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  July 30, 2001

Health Center Budget Reflects
Progress, Challenges Remain

The Board of Trustees has approved a $471.9 million budget for the Health Center for fiscal year 2002, a budget that represents a 9.3 percent increase and forecasts ending the fiscal year in balance.

But the Health Center continues to face a difficult fiscal environment, Dr. Peter J. Deckers, executive vice president for health affairs told the trustees during a meeting June 26.

"The past two years have been a tremendous challenge," he said. "I am proud of how the entire Health Center community responded, but the truth is that the next 18 to 20 months are going to be as challenging as the past 20 months."

In support of the estimated $471.9 million in expenditures, $377.3 million in revenues are anticipated. With the state appropriatio n of $74.6 million and state fringe benefit support of $20 million, the Health Center's budget for FY 02 - which began July 1 - is projected to be balanced.

Bright spots in the past year include:

  • Federal research grants increased by 16.7 percent to $44.3 million.
  • Other research grants and contracts increased by 19.7 percent to $20.4 million.
  • New patient care revenues increased by 13.4 percent to $190.2 million.

"When you consider where we were a couple of years ago and reflect on the substantial progress that has occurred at the Health Center, the current situation is a significant achievement," said President Philip E. Austin. "I know that it is the result of the hard work of many faculty and staff and I want to compliment all involved."

The trustees' Health Affairs Committee unanimously approved the budget June 19 and sent it to the full board, which approved it June 26.

"There's so much that's been accomplished that we now have a solid foundation upon which to move forward with our strategic initiatives," said Claire R. Leonardi, chair of the Health Affairs Committee.

Deckers led the Board through the budget and talked about institutional goals, the strategies to be undertaken to achieve these goals, and the budget arrangements to support the various strategies.

The signature programs, a strategic plan to develop programs that maximize the Health Center's research and clinical assets, figured prominently in the discussion. The signature programs include Genetics/Immunology and Cancer, Brain and Human Behavior, Bone Biology and Musculoskeletal Disease, and Connecticut Health. The budget allocated $2.9 million in internal funding to sustain them.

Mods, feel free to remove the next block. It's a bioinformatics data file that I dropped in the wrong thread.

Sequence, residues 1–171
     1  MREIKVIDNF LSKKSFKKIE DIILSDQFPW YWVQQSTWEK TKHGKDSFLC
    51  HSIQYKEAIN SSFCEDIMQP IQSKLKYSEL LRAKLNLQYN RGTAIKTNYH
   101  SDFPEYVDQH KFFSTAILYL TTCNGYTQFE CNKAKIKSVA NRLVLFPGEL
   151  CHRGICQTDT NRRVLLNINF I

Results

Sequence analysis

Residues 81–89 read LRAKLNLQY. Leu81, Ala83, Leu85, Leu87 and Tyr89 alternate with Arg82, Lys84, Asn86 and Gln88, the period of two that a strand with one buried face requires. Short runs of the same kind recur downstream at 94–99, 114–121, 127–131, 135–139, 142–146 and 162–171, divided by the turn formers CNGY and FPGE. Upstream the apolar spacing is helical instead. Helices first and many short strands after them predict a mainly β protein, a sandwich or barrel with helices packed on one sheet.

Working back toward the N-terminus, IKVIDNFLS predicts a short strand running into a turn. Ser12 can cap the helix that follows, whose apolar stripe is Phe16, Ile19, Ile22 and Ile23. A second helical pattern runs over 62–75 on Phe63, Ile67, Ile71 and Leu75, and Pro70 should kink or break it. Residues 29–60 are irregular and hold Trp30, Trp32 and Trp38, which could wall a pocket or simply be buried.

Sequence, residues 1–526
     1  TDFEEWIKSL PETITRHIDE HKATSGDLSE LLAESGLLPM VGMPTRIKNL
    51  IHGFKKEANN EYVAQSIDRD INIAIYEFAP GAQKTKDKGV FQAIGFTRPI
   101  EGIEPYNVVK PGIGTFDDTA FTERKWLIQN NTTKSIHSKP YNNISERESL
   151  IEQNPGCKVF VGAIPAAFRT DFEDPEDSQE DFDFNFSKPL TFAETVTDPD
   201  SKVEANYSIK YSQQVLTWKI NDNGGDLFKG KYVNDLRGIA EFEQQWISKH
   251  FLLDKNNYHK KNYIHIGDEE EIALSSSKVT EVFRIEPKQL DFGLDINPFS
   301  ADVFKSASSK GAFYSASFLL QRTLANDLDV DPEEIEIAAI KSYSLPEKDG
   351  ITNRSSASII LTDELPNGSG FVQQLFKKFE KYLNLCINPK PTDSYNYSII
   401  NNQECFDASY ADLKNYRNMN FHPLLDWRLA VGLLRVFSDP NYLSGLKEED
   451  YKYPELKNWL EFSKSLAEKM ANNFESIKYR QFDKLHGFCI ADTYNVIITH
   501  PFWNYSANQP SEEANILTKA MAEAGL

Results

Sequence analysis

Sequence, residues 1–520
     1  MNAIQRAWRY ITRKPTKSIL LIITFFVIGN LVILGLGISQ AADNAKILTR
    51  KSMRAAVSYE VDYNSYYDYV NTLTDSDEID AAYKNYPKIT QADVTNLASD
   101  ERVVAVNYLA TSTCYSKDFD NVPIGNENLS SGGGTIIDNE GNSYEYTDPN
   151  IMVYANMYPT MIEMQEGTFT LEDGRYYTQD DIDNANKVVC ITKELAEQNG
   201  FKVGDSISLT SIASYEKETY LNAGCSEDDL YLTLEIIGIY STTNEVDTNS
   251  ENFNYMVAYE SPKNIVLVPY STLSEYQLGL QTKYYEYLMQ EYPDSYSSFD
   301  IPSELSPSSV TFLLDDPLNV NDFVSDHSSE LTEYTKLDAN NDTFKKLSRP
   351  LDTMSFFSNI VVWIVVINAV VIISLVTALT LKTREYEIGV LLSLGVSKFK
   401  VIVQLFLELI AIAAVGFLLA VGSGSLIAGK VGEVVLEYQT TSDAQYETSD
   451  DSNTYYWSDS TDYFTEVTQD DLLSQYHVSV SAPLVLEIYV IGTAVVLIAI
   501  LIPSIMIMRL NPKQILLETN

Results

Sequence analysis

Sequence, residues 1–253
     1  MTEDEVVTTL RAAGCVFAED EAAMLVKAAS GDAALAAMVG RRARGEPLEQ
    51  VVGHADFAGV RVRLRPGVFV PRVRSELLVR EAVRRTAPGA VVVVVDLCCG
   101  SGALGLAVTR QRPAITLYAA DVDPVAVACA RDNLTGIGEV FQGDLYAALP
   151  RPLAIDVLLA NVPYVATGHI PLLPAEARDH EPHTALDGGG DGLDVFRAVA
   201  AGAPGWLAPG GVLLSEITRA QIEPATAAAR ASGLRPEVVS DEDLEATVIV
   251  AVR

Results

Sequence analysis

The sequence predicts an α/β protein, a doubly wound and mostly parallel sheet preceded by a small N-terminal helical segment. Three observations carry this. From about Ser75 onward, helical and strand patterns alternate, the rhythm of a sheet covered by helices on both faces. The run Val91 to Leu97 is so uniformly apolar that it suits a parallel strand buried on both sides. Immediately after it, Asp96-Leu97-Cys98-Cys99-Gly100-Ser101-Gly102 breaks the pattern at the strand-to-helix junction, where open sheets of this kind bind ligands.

Deckers pointed out that despite the lack of targeted state support for the strategic plan and the signature programs, they were, and would continue to be, Health Center priorities.

He observed that the faculty recruited under the strategic plan have contributed significantly to the growth of grant funding - which he called "our success story" - during the past several years. "We have an outstanding community of faculty to make this happen," he said.

But despite the growth of certain revenues and grants, cost savings, continued financial restraint, and improvements in finance and management operations, Deckers said he remains concerned about the future:

"The national health care financing situation is no better - in fact, it's worse than it was 20 months ago - and there is no relief on the horizon," he said. "We do not know what will happen on the revenue side."

At the same time Deckers noted that the new budget does not provide support for the Health Center's strategic plan and does not supply funds from the new state pool to help hospitals.

"We've worked hard and we've bought some time, but we haven't yet secured a future," he said. "Without increased funding, we won't be able to meet the state's expectations for new doctors and dentists, great health care and growing research that brings investment into the state and promotes economic development."

Pat Keefe

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